From Lalish in June 2015 I went on to Sinjar in December 2015; called Shingal in Kurdish, the area of Sinjar includes one long mountain, extending 50km, rising like a long foreboding massif from the desert, towering over the dry grasslands below. It was on those grasslands that ISIS had attacked the Yazidi villages and towns in August 2014, causing around 500,000 people to flee. More than 10,000 Yazidis were captured by ISIS, thousands killed and more than 5,000 sold into slavery. Still missing today are 3,000 Yazidis and more than thirty mass graves have been found. The large number of missing people is in stark contrast to the 80 countries that joined the coalition to fight ISIS but which have done little to help track down these loved ones. When I returned to northern Iraq in September 2019 I saw the files of the thousands who are missing and watched the authorities working with antiquated databases. Not much has progressed since the 1950s in terms of caring for these victims. Not enough was done in 1946 to track and help survivors, and not enough is being done now.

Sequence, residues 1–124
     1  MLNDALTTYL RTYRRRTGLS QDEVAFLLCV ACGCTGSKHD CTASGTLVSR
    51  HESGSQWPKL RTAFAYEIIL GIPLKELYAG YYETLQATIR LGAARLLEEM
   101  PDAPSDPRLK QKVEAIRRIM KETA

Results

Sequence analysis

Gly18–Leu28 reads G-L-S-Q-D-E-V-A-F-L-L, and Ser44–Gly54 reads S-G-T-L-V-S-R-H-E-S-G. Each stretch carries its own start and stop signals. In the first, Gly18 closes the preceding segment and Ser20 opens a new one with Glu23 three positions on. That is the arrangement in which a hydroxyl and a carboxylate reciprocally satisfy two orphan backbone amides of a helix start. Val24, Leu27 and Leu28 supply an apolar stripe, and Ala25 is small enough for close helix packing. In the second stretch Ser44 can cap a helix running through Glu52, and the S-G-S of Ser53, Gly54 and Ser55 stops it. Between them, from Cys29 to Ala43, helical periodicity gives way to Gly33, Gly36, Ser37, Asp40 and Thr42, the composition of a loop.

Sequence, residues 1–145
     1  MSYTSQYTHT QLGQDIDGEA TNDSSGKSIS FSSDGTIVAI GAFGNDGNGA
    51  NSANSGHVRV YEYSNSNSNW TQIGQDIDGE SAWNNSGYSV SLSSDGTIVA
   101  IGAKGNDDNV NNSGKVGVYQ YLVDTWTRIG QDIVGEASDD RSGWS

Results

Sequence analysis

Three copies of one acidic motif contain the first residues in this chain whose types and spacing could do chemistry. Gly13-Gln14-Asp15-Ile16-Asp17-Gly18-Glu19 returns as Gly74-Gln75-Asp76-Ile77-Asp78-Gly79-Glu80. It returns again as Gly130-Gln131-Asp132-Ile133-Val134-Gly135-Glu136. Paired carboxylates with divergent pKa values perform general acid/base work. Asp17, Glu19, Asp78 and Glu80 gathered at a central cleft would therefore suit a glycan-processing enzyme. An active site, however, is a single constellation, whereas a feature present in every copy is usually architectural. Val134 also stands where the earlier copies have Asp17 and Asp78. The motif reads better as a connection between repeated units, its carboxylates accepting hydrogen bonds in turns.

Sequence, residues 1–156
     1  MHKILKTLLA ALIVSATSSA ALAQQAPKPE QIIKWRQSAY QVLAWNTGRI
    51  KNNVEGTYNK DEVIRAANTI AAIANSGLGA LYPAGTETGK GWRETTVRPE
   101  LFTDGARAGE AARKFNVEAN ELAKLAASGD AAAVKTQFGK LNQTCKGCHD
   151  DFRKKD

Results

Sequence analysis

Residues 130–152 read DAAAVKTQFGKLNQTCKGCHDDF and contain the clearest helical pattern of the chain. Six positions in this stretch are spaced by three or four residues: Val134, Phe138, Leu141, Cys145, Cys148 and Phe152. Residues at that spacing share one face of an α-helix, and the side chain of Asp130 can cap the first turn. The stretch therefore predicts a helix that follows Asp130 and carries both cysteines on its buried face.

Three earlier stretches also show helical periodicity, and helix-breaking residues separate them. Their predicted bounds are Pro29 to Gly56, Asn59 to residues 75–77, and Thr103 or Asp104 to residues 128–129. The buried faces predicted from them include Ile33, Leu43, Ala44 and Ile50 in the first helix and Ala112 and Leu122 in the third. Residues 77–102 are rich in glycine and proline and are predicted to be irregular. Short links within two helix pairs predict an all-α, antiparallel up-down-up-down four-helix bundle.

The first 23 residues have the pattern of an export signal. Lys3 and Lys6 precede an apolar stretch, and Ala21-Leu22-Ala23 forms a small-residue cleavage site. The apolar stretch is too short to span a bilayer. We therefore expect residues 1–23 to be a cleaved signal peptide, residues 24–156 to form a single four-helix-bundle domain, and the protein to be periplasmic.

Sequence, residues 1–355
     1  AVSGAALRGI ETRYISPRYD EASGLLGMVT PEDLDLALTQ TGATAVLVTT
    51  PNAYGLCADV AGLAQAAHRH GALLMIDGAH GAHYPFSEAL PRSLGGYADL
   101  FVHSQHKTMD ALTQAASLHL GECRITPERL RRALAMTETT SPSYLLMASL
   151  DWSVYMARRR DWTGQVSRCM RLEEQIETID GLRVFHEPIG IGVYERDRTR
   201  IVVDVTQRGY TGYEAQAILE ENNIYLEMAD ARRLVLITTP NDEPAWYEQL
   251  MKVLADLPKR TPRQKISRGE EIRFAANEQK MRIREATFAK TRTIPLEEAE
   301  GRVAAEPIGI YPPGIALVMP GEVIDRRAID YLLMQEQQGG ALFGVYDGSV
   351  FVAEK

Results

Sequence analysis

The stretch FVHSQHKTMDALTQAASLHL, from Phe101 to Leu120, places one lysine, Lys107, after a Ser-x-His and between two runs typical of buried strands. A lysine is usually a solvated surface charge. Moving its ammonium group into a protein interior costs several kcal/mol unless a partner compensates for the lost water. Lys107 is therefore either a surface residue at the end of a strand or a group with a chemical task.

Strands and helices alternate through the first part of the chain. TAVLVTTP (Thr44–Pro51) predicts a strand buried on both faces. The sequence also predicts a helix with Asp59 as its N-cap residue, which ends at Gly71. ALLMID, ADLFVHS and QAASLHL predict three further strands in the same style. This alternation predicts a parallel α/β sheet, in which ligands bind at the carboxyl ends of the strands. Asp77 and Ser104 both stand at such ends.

Not enough was done in 1946 to track and help survivors, and not enough is being done now.
With a local guide and fixer, we drove into Sinjar at dusk. The sedan crossed battlefields where Kurdish fighters had pushed ISIS back in 2014 and 2015, often with limited support from US and coalition aircraft. The landscape had been eviscerated, houses flattened like pancakes, vehicles ripped apart by airstrikes, some crumpled like a giant had flicked them off the road with his finger. Every few kilometers were checkpoints; the liberated landscape was also one that was heavily secured against renewed ISIS threats. This was a landscape of ghost towns and villages, some of them formerly inhabited by Yazidis and some also by their tormenters, local tribes who joined ISIS and then fled when the area was retaken by Kurdish forces in 2015.